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Recent Examples on the Web The loner cells might therefore serve as a form of insurance in case any of those situations transpire. Quanta Magazine, "Out-of-Sync ‘Loners’ May Secretly Protect Orderly Swarms," 21 May 2020 And that scenario is almost exactly how my hunt transpired. Joe Genzel, Outdoor Life, "7 Confessions from a New Rifle Shooter (That Can Help All Newbies Get Started)," 1 June 2020 Law enforcement officials often ask that people reserve judgment in such cases until all facts — what transpired before or after what a video shows — are known. Lisa Marie Pane, Anchorage Daily News, "Police, experts condemn knee restraint used on George Floyd," 29 May 2020 Law enforcement officials often ask that people reserve judgment in such cases until all facts – what transpired before or after what a video shows – are known. Stefanie Dazio, The Christian Science Monitor, "Why Floyd death draws swift condemnation from police community," 29 May 2020 In the context of what was to transpire in Italy over the next several months, the little blue sports car has little to no significance. New York Times, "Stocks Waver as China Tensions Climb," 4 May 2020 When the two lovers lock gazes, whatever’s transpiring between them feels electric. Mayukh Sen, The Atlantic, "There Was No One Like Irrfan Khan," 30 Apr. 2020 Of particular interest is comparing the mid-range forecasting—such as the latter part of a 24- or 30-hour TAF—with what actually transpires to see if there is any degradation in the model. Popular Science, "The unexpected way COVID-19 is screwing up weather reports," 29 Apr. 2020 What transpires requires Frank to think on his feet, a trait that his ability to lie to everyone around him, as well as himself, facilitates. Bill Goodykoontz, azcentral, "HBO's 'Bad Education' is a good movie, thanks to Hugh Jackman's performance," 24 Apr. 2020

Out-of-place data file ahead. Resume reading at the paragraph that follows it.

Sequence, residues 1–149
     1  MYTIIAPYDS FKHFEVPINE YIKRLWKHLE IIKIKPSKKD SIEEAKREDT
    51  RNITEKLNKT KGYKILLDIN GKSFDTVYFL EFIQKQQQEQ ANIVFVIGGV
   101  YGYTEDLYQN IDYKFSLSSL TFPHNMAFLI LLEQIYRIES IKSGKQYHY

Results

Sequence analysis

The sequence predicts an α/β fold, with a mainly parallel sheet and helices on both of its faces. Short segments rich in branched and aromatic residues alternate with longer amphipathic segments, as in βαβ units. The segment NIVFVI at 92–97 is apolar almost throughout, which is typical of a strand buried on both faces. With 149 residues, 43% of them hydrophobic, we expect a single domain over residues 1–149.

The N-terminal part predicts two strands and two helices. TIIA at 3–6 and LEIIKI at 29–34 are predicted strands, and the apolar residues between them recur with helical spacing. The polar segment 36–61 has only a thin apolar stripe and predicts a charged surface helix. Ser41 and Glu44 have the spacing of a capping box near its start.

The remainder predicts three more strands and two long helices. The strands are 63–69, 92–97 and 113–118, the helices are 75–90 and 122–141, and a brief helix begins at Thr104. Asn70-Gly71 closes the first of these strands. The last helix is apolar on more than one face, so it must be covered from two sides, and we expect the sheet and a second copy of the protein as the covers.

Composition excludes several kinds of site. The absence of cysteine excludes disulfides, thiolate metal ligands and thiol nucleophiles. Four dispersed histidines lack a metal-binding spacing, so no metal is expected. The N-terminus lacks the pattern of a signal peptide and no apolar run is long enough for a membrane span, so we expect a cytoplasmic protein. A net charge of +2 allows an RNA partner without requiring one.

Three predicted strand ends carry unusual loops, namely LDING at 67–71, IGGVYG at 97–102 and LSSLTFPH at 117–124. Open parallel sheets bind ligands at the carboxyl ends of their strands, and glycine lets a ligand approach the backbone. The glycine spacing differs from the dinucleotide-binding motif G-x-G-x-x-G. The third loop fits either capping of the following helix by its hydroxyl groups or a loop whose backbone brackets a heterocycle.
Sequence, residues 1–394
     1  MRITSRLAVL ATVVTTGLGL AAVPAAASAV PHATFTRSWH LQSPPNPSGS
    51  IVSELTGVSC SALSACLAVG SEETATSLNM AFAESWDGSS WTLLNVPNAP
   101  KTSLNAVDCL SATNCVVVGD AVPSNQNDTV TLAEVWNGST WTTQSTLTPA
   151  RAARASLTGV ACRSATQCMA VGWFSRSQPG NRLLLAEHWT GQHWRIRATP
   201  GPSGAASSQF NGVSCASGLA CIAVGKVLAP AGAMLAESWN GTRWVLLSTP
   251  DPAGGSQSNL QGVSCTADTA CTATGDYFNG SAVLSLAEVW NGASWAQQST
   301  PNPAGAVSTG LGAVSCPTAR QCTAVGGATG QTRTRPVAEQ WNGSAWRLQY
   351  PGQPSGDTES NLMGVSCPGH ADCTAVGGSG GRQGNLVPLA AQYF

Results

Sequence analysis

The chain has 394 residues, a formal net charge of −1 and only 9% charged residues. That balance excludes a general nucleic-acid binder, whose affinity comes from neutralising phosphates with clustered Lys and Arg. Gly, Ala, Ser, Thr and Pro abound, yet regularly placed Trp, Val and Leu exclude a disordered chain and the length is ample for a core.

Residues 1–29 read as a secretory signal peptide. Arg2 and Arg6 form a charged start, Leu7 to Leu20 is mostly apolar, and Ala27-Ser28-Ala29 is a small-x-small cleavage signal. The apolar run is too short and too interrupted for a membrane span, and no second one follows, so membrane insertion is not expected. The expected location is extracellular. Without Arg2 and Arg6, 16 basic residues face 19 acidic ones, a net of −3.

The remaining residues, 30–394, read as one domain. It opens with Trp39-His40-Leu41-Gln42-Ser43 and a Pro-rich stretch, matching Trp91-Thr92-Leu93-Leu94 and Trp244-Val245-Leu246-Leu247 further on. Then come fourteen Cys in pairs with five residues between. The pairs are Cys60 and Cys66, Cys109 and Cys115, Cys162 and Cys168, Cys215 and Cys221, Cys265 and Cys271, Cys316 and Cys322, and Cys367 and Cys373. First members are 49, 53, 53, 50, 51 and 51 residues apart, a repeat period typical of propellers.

These example sentences are selected automatically from various online news sources to reflect current usage of the word 'transpire.' Views expressed in the examples do not represent the opinion of Merriam-Webster or its editors. Send us feedback.

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First Known Use of transpire

1597, in the meaning defined at transitive sense

History and Etymology for transpire

Middle French transpirer, from Medieval Latin transpirare, from Latin trans- + spirare to breathe

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Time Traveler for transpire

Time Traveler

The first known use of transpire was in 1597

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Last Updated

20 Jun 2020

Cite this Entry

“Transpire.” Merriam-Webster.com Dictionary, Merriam-Webster, https://www.merriam-webster.com/dictionary/transpire. Accessed 2 Jul. 2020.

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More Definitions for transpire

transpire

verb
How to pronounce transpire (audio)

English Language Learners Definition of transpire

formal : to happen
formal : to become known
technical, of a plant : to have water evaporate from the surface of leaves

transpire

verb
trans·​pire | \ trans-ˈpīr How to pronounce transpire (audio) \
transpired; transpiring

Kids Definition of transpire

1 : to come to pass : happen Important events transpired that day.
2 : to become known or apparent It transpired that they had met before.
3 : to give off water vapor through openings in the leaves